Monday, October 27, 2008
Breasts and Pimples
Beckett fact no. 93.
Ten references in Beckett to my own dear County Wicklow.
As I mention pimples in my title, I might add that the pimples of typos hereunder when I first posted this have now been zapped.
1) Belacqua’s snooty fit, for shame, in ‘Love and Lethe’: ‘Wicklow, full of breasts and pimples, he refused to consider. Ruby agreed.’
2) ‘But if it is merely a matter of getting me out of the way,’ said Neary, ‘while you work up Miss Counihan, why need I go to London? Why not Bray’ (Murphy). Enough said.
3) And down the coast again we find Greystones, just outside which lies Redford cemetery, ‘way out in the wilds of the country on the side of a hill, and too small, far too small, to go on with. Indeed it was almost full, a few more widows they’d be turning them away’ (First Love). Odd this, given that sixty years on it remains anything but full, small though it is, raising the ghoulish possibility of evictions in the interlude.
4) ‘great granite rocks the foam flying up in the light of the lighthouse and the wind-gauge spinning like a propeller, clear to me at last that the dark I have always struggled to keep under is in reality my most – ’ Good old Dun Laoghaire pier, site of Krapp’s epiphany. Except it wasn’t Dun Laoghaire at all, Beckett told Eoin O’Brien, it was Greystones. Greystones pier has neither lighthouse nor anemometer. But maybe, as the footnote goes, ‘not in this work’. Krapp has fond memories of walks on Croghan. But that’s on the Wicklow/Wexford border. What brought him down there, I wonder?
5) South of Greystones squats, lies, or comatosely sprawls the unremarkable village of Kilcoole, which gives seven eighths of its name (the e was a conscientious objector) to the unpublished play Kilcool, whose central character takes a train south through Bray Head to visit her childless, widowed aunt. Though dating from 1963 and abandoned, the play was successfully quarried for the dramaticules of the 70s, in particular Not I. The curious are directed to Gontarski’s The Intent of Undoing.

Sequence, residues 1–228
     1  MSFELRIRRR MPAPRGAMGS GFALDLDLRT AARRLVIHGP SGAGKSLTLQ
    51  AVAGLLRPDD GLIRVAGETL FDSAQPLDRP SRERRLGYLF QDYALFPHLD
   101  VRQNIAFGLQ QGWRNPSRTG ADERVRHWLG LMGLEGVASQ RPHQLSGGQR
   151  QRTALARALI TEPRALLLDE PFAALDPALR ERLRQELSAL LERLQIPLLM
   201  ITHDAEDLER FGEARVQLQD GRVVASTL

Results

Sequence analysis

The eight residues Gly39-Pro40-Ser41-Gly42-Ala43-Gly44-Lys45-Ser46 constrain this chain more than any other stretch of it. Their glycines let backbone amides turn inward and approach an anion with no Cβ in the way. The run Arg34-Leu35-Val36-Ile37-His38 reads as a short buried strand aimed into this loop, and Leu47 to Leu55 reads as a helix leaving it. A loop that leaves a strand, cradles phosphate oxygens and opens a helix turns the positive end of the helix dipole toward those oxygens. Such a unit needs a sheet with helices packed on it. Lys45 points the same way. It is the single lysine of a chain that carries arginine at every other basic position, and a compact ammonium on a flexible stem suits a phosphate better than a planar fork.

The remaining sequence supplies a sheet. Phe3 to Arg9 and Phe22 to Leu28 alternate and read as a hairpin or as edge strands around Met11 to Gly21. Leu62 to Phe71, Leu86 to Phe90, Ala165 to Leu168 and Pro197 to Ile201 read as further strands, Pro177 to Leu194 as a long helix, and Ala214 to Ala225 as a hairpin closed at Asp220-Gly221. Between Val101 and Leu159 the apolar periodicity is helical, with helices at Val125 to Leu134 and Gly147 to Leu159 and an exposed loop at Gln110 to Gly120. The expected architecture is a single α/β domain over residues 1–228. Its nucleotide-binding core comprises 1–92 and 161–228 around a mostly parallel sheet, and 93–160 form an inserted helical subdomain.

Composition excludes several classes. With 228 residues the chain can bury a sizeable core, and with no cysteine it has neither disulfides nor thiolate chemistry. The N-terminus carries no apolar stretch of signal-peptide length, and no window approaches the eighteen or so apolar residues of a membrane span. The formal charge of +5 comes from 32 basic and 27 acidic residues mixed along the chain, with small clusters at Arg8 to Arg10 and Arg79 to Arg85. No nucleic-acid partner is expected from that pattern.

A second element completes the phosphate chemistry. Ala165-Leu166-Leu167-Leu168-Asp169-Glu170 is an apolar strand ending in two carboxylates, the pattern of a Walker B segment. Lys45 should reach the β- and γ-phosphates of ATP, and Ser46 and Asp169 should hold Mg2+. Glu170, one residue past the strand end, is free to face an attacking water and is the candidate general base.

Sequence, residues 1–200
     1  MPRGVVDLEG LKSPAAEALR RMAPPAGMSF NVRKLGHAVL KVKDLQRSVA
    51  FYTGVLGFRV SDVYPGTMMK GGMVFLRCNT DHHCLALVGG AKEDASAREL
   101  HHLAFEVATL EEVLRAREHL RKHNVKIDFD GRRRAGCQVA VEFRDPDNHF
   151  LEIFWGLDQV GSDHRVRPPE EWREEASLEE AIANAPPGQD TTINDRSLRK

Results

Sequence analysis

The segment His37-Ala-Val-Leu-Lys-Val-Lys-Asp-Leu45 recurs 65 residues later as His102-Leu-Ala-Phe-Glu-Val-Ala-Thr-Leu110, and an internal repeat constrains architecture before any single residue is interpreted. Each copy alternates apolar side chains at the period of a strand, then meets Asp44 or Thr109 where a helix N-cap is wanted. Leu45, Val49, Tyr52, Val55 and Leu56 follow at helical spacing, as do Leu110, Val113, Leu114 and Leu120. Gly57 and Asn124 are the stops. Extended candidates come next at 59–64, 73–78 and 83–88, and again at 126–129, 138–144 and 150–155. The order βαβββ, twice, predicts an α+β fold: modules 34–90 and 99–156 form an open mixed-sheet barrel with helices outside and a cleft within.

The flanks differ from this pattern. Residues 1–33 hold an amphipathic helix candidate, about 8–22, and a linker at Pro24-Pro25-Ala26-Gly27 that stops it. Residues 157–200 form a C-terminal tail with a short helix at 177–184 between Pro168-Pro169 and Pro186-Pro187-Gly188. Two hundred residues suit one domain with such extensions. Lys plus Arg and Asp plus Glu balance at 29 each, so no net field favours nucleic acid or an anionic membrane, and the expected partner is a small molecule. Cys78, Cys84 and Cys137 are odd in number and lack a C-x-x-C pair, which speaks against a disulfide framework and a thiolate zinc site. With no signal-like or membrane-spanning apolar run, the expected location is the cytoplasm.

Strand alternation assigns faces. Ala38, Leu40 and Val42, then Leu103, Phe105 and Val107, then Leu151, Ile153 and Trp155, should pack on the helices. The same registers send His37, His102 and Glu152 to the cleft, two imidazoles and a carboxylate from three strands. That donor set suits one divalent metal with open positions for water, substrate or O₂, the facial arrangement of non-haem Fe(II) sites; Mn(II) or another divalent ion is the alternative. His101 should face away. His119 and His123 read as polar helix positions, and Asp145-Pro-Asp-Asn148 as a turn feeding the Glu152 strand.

6) And further down the coast again, Belacqua and the Alba have a tryst on the Silver Strand, or Jack’s Hole, in Dream of Fair to Middling Women, from which name the narrator recoils in a spasm of finer feelings.
7) And so up into the mountains. ‘Standing on the Big Sugarloaf, it may well be objected, or Djouce, or even a low eminence like the Three Rock, the Welsh Hills are frequently plainly to be discerned’ (Dream again). The first two of those are in Wicklow, but the last is in Dublin, so enough about that.
8) Similarly with Malone’s stonecutters in Glencullen, and Watt’s Glencullen Hacketts (Dublin), but Prince William’s Seat, also from Watt, on which Mr Hackett remembers breaking stones during his wife Tetty’s labour, that’s on the Wicklow side, isn’t it?
9) How not give pride of place to that marvellous paragraph in Mercier and Camier beginning ‘A road still carriageable climbs over the high moorland.’ This is Glencree again and the Military Road, into which the pseudocouple descend from the Featherbed Mountain (of Proteus fame), passing the Lemass memorial and its misspelt reference to Terence MacSwiney, the mayor of Cork mentioned in passing by Malone. The fork in the road leading down to Powerscourt waterfall or on to Sally Gap, blessed terrain, featured on the dustjacket of Mary Bryden’s Samuel Beckett and the Idea of God, readers may recall. M&C take the previous left, past the former borstal (another Joyce reference: Molly Bloom gave a concert there) and the German war cemetery. Oscar Wilde was baptised in Glencree’s small Catholic church by an over-zealous nanny, I believe. This is also, I would have thought, the territory of the opening Text for Nothing, but here as in other examples I might have peddled, Beckett has chosen to eschew topographical giveaways.
10) The ‘Avoca bag’ in Eh Joe. Thomas Moore’s ugly effigy on College Green, whose symbolic congruence with the Avoca-inspirted ‘The Meeting of the Waters’ (there used to be a gents’ toilet under it) is remarked on by Leopold Bloom, also features in More Pricks Than Kicks. I plead ignorance of what an Avoca bag is, since Ireland was (for the moment at least) still safe of perennial Sunday daytrippers’ favourite, Avoca Handweavers, back in Eh Joe’s time. But since we’re passing, why not slip in for a grotesquely overpriced cappuccino and a twenty minute wait among your fellow negative equity-afflicted N11 commuters. Ah, Wicklow, wild, wet and wonderful as ever.
Photo of Glencree found here.